• On the contrary, I find that setting up something in TiVo or BitTorrent at the beginning of a new fall television season can be very helpful - I tend to go through TV Guide or Entertainment Weekly and pick out the shows I think I would like, and let them all record. At first you will probably find yourself watching a bit more than you'd like, but as the season kicks up and all the shows are coming on at once, you will be forced to make priorities - which shows are really worth your time? You'll probably find that even if you found six or seven shows at the beginning of the season you thought you'd like, as you watch them more you may end up having only one or two. (Of course, I think I have much more time on my hands then many of you seem to, so this may not be a good option for a very pressed person.) -Josh R. Holloway
    • Wait to watch TV until later in the evening, when your mind is too tired to do anything else. I get all of my chores, reading, projects, etc. done before I even turn on the TV, and I don't usually turn on the TV until 10 PM or so.
    • Alter your Season Passes to only record "First Run" episodes of shows, or at least give reruns a very low priority when you choose to watch some television. This way, you will only be seeing things you haven't seen before.
  • Cancel the cable and join Netflix or Blockbuster Online. I can't vouch for Blockbuster, but if you are in a major city the Netflix turnaround is amazing and you can get television shows (albeit older episodes). This forces you to select only shows/movies you really want to watch. And depending on your membership, it drastically limits how many shows/movies you can watch at any given moment.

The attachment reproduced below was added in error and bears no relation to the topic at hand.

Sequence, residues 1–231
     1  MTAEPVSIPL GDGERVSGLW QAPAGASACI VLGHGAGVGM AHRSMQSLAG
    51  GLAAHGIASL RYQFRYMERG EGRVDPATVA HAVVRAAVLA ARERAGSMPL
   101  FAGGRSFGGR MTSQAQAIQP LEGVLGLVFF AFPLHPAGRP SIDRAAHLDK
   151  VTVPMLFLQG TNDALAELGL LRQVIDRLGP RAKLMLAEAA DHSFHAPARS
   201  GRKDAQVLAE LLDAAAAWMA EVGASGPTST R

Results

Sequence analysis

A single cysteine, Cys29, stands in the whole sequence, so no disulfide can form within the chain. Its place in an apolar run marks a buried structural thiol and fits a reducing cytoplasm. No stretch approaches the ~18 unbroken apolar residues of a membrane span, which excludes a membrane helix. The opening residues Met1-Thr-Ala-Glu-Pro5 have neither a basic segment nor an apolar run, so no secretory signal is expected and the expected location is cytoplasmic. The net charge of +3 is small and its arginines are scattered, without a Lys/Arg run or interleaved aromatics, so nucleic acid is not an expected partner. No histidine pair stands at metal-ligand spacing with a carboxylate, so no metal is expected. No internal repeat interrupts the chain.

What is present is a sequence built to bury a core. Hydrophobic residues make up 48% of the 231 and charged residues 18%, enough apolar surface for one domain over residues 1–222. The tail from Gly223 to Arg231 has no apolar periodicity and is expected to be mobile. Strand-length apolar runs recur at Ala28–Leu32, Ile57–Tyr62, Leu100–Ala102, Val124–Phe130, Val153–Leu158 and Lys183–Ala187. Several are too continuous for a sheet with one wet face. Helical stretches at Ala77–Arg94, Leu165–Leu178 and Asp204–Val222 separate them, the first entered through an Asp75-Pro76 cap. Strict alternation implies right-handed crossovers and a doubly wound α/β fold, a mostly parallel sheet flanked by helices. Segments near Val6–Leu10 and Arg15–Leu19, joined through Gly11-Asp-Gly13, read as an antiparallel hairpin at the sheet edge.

• Canadians can check out Zip.ca for Netflix-ish service
  • TV time is excellent time for sit-ups and push-ups and any other excercise you can do. Get off the couch and buy a big round ball as your chair for TV. You'll find yourself doing core strengthening excercises while you watch without even meaning to.

[edit] Is it an addiction?

Robert Kubey and Mihaly Csikszentmihalyi (author of Flow) have argued that TV watching is actually addictive. (Television Addiction Is No Mere Metaphor, Scientific American, Feb 23, 2002) They argue that TV stimulates a pre flight or fight reaction through the use of movement on screen by use of scene changes, jump cuts changes in camera angles etc (known as technical events). This put the mind into a passive state where it is wating to see if it needs to engage the flight or fight reaction. Since nothing ever does happen and this reaction is stimulated over and over again we become locked in this passive state, unable to break free. This can also explain the pull TV has even if we are not trying to watch it and engaged in other activities such as conversation. In can be an interesting exerciser to try and count the number and frequency of technical events. One thing that is immediately apparent is that the frequency jumps during adverts (it also tends to be less at the cinema).